The other thing that he may do is, if he want to plant a very small device in a wall with say a very limited range, he may have a repeater somewhere nearby; a kind of booster station that will boost his signal along. Then if he is monitoring in a car somewhere, you have the same problem of enforcement that you would have in the case of say narcotics where you have to catch somebody with the narcotics. In other words, how do you catch this man with the bug. He is not connected to it in any other way except the airwaves. And it is a very difficult problem of enforcement.

I have another device here and I think this is very illustrative of what the 1968 law meant. In fact I think the legislative history brings this out. I have a device primarily useful for aural acquisition. It is called a spike-mike and it is employed usually from the room next door or from some outside area. Here it is sindicating].

It simply is a contact microphone. It is a crystal microphone of very good fidelity. And the tapper then takes one of the spikes and screws it in here [indicating). Well, actually first he puts this into the wall and this makes contact with the inner wall. This [indicating] will go through. I have another size here if it is a thinner wall.

And that mike as I say is very sensitive. It then is plugged into an amplifier. And he can either feed into a recorder or he can listen with his earset. And this as I say is an example of something that I can hardly conceive of being used as a baby-sitter device or something for party fun or the other kinds of reasons that are now given for making these kinds of devices that are not primarily useful. They mav have double or triple purposes.

Then vou have the stethescopelike device, which you can affix to a wall. These are usually very transient types of installations.

Somebody checks into a motel room for instance, this is the ideal kind of piece of equipment to use in that situation. It is not like the permanent leased line situation, which is for a long-term intelligence gathering.

There has been much made lately about the state of the technology. And indeed the technology, aided and abetted by space-age developments and all, has gone on and gone forward. .

I think another committee in the past looking into this problem was regaled with the olive-in-the-martini type transmitter. And while such a device exists, I think it is highly impractical and not one of the main problems confronting legislatures in this area for the simple reason that the thing is so impractical. It will hardly transmit more than a few feet. You know, you have to be a few stools down to pick anything up.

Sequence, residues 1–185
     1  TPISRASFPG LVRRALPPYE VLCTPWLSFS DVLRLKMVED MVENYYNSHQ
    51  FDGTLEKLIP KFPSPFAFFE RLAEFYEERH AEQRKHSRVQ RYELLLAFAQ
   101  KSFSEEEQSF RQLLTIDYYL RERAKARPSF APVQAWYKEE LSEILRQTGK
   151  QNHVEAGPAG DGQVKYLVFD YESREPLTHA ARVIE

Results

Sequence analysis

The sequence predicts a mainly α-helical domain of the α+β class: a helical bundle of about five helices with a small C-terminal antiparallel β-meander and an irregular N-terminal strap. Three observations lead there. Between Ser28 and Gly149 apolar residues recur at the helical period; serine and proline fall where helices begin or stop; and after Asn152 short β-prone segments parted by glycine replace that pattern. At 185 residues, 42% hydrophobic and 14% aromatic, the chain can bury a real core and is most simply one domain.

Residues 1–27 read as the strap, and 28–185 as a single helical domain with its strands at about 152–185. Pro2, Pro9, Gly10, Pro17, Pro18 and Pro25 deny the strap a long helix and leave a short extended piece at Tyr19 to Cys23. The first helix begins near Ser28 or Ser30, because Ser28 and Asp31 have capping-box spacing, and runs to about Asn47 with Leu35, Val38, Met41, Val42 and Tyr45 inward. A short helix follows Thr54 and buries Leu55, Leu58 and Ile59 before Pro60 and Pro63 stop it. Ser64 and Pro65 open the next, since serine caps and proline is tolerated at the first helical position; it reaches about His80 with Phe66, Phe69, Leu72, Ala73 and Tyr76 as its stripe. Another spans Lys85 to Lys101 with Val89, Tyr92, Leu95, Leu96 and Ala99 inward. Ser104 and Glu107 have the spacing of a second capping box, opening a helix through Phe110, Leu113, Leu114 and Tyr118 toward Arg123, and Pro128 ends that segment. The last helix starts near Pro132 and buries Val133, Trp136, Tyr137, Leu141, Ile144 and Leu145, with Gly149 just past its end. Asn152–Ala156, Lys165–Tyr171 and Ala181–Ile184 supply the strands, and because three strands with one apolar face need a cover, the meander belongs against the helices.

And there is talk about the CIA having perfected a laser device that aimed at a room window will pick up the room conservations from the minute vibrations of the glass pane. I am sure if that isn't in a perfected stage, it is very close to it.

But again you are getting to the problem that this type of device would be available simply to the agency that would perfect it and so it would take immense amounts of. money needed to purchase one.

Tiny integrated circuits have been developed for the aerospace programs and these obviously don't bode well for future privacy as they are the breadboard unon which a bug can be made.

There is also a device called the infinity transmitter, or harmonica bug. And for example if I went into an apartment in Honoluluwell, let's use another example. I am not sure whether we have direct dial to Honolulu.

In Los Angeles, if I installed a little device in a telephone and I came back to Washington, if I had this infinitv transmitter, I would simply direct dial that phone, and then, as soon as the line clicked on, I would activate this device which would then freeze the ringing system on that phone and it would at the same time activate the bug in the phone so that in Washington, D.C., via the telephone longdistance line, I would be monitoring the room conversations in that apartment in Los Angeles.